- To mark the 10th Anniversary of the Chornobyl disaster, we planted an oak tree in April 1996 in Franklin Park, blessed by Rev. Eugene Linowski, Rev. Valdemar Kuchta, and Rabbi Hirsh Chinn, witnessed by Ukrainians, Byelorussians, and Poles, including a fireman from Chornobyl.
- When that oak tree died, we planted another one, in 2015, a silken lilac tree, in the International Peace Garden in Franklin Park. And there was more.
Things began to change around 1989, when the first religious refugees began to arrive in Columbus. They were Pentacostals from northwest Ukraine, mostly Volyn’. As former refugees ourselves, we helped as much as we could to get social services, work, and schools set up for them. The first family to be welcomed and assisted by our members was the Fedorchuks, who arrived in Columbus on June 2, 1989. Today that community of Ukrainians numbers more than 1,000, centered around churches in Galloway and London.
The biggest changes started after Ukraine’s independence in 1991. The Supreme Court of Ohio under Chief Justice Thomas Moyer joined forces with the Supreme Court of Ukraine to create the Ohio/Ukraine Rule of Law program. Suddenly Columbus was a hotbed of exchanges with Ukraine! For the next 10 years we were constantly hosting judges, mayors, teachers, lawyers from all over Ukraine every few months. Some came through the Rule of Law program, others through the Columbus International Visitors Council or Library of Congress Open World Program, still others through the Ohio State University. The last such group came in 2011 – 10 men and women, mostly involved in nongovernment organizations interested in urban planning and development in, wait for it, Luhansk! – and we hosted them right here, at this club, at a Malanka.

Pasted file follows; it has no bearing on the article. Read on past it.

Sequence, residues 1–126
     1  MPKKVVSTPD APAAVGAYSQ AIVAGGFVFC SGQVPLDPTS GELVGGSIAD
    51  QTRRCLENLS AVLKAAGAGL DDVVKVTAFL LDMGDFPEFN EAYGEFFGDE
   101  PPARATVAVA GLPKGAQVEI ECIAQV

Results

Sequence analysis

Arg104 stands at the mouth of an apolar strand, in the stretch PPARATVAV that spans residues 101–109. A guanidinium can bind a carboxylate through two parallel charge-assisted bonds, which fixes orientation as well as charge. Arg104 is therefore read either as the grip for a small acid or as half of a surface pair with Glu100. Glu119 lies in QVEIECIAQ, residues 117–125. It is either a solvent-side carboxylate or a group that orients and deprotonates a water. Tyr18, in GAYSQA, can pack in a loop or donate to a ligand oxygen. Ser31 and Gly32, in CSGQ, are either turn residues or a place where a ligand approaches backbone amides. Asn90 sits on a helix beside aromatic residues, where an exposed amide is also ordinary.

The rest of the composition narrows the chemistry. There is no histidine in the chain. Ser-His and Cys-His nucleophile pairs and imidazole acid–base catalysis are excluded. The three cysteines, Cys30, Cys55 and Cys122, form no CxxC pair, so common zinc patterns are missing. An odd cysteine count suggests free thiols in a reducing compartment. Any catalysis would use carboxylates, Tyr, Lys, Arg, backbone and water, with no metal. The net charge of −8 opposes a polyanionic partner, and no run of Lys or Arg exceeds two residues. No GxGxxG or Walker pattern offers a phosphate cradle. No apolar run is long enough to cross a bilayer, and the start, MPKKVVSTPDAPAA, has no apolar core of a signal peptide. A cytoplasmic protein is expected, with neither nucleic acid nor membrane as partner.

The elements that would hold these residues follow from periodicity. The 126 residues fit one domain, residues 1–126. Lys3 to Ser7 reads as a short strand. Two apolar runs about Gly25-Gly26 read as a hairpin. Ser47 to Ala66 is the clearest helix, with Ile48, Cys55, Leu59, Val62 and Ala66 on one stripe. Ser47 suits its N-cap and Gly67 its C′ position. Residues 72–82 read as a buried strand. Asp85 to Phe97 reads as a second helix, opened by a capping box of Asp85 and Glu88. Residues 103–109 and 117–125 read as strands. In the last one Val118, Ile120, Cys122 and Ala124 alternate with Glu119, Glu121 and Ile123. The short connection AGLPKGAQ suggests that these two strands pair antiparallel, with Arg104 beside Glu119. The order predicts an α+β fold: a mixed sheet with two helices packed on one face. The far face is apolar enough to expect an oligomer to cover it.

As part of our mission, we have always promoted Ukrainian performers. After independence, little arts groups sprang up in Ukraine and began to tour the U.S. and Canada, and several stopped by in Columbus for a performance. Veselyi Lviv, Ostap Stakhiv Folk Theater, and Veseli Halychany all performed at Chemical Abstracts. But we also have had our own arts groups come to town. The Kobzari Ensemble of the Ukrainian Bandurist Chorus, a touring group from the Kashtan Dance Ensemble of Cleveland, Fata Morgana band, Lysenko String Quartet.